From a level layout perspective, the nonlinear aspect opened the door to a lot of possibilities, but I feel that it was mostly wasted here. While you could take on gameplay tasks in any order, the routes to the player travels on were painfully linear. When you looked at the map, you saw exactly how linear the player's path really is since you cannot divert from its rigid confines in anyway. Personally I feel that the game should have approached this the other way around, with a linear order of tasks with multiple ways of getting there. This would address my storytelling issues and provide the player with a better sense of exploration.
For the most part, these issues are forgivable and are inherent risks when drastically changing the core design of a long established series. The team deserves mountains of praise for taking these chances, but anyone responsible for the game's ending should be fired. No other game has ever infuriated me like this game's ending. It's a cheap narrative ploy that betrays a least one character while essentially belittling the player's effort in order to make a sequel. To explain my anger with this requires a little bit of back story.
At a recent game design conference I had the absolute pleasure of hearing Sheri Graner Ray speak on the concept of "player currency." Her belief (and one that I share) is that the most valuable currency that a player can spend on a game is not money, but time. If we keep this in mind, good game design should always respect and reward the player for their time. This is exactly why Prince of Persia's "No death" system largely works for me. Only rarely do I feel like my time is wasted and the game will quickly return me back to a safe spot whenever I make a mistake. With the search for Light Seeds there are instant rewards for "just playing around" as well as boss encounters that reward my larger efforts. These aspects are balanced very well and effective in keeping me returning to the game. The game's ending is a totally different story however.
For those that want the recap and spoilers, while the Prince and Elika heal all the fertile grounds throughout the game, it's revealed that the reason that Ahrimen (the bad guy) is free is because Elika's father used the protective force used to imprison Ahrimen to grant Elika life after her own death. By healing the lands of corruption, Elika is essentially losing her life and giving it back to the land. This all comes to ahead when the Prince and Elika face Ahrimen in battle and seal him off for good. The battle is won at a tragic price: Elika's life. As the game's first round of credits start to role (a recent gaming trend more obnoxious than lens flare), the Prince takes Elika's body up to the resting alter. After laying her down on the alter, he finds himself stricken with guilt/remorse/shame and then chops down all the protective seals/trees holding Ahrimen back and restores life to Elika once again. The Prince does this knowing that Ahrimen and his corruptive forces will be released once again, but does it anyway. Upon waking up and seeing the Prince as everything begins to crumble around them, Elika asks the same question that I shouted at the TV in unison: Why?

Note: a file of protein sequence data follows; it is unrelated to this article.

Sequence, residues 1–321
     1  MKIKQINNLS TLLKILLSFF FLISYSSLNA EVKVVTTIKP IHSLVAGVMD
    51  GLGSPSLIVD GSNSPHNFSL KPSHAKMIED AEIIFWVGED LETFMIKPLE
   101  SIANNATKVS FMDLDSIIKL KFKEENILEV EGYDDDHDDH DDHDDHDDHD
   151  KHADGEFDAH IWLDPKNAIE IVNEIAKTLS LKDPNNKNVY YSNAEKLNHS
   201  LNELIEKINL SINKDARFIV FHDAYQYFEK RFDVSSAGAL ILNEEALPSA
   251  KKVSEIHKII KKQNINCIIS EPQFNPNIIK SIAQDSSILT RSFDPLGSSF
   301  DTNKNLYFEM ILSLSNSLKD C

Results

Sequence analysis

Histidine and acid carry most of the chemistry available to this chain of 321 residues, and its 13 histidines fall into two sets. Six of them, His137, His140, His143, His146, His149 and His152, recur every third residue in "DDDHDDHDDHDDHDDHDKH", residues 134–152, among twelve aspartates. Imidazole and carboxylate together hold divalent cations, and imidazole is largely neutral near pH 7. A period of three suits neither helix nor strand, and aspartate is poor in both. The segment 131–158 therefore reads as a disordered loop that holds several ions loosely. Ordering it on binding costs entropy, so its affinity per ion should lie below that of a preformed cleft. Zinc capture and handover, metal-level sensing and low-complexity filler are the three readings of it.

Elika knew what she was doing by healing the lands and she was prepared to die if it meant holding Ahrimen back for the rest of time, so why would the Prince, who spent the entire game being a self-centered egotistical brat, suddenly care about Elika? And if he really did care about her why would he defy her wishes and negate everything they've done by bringing her back to life? The game offers no explanation for this but did give me the "To Be Continued" achievement.
So basically everything that I did in the eight hours it took to go through the game meant nothing and I'm going to need to fork over at least another $60 to Ubisoft and another eight hours to maybe do something about it? If my time with this game was truly currency, Prince of Persia collected stacks of it then lit it on fire in front of my face just to see what kind of reaction I would have. It's a shame that this is how they choose to close this game because I was able to see past the game's flaws and missteps before the writers decided to completely invalidate every moment of success the story had to offer. This is made worse by the "To Be Continued" achievement popping up right before the "real" credits, highlighting the facts that what I'm seeing isn't complete and my only interest in the game moving forward is to see if Elika decides to not protect the Prince the next time he jumps off a cliff.
I'm still on the fence if I will be joining the Prince and Elika on their next adventure. Like I stated in the beginning of this article, Prince of Persia is one of the best and worst games that I played last year. At its brightest moments it is the moving, beautiful, and evocative experience that delivers on its promise. During it's moments of darkness, the game is uninteresting and unable to free itself from its own set up and sequel requirements.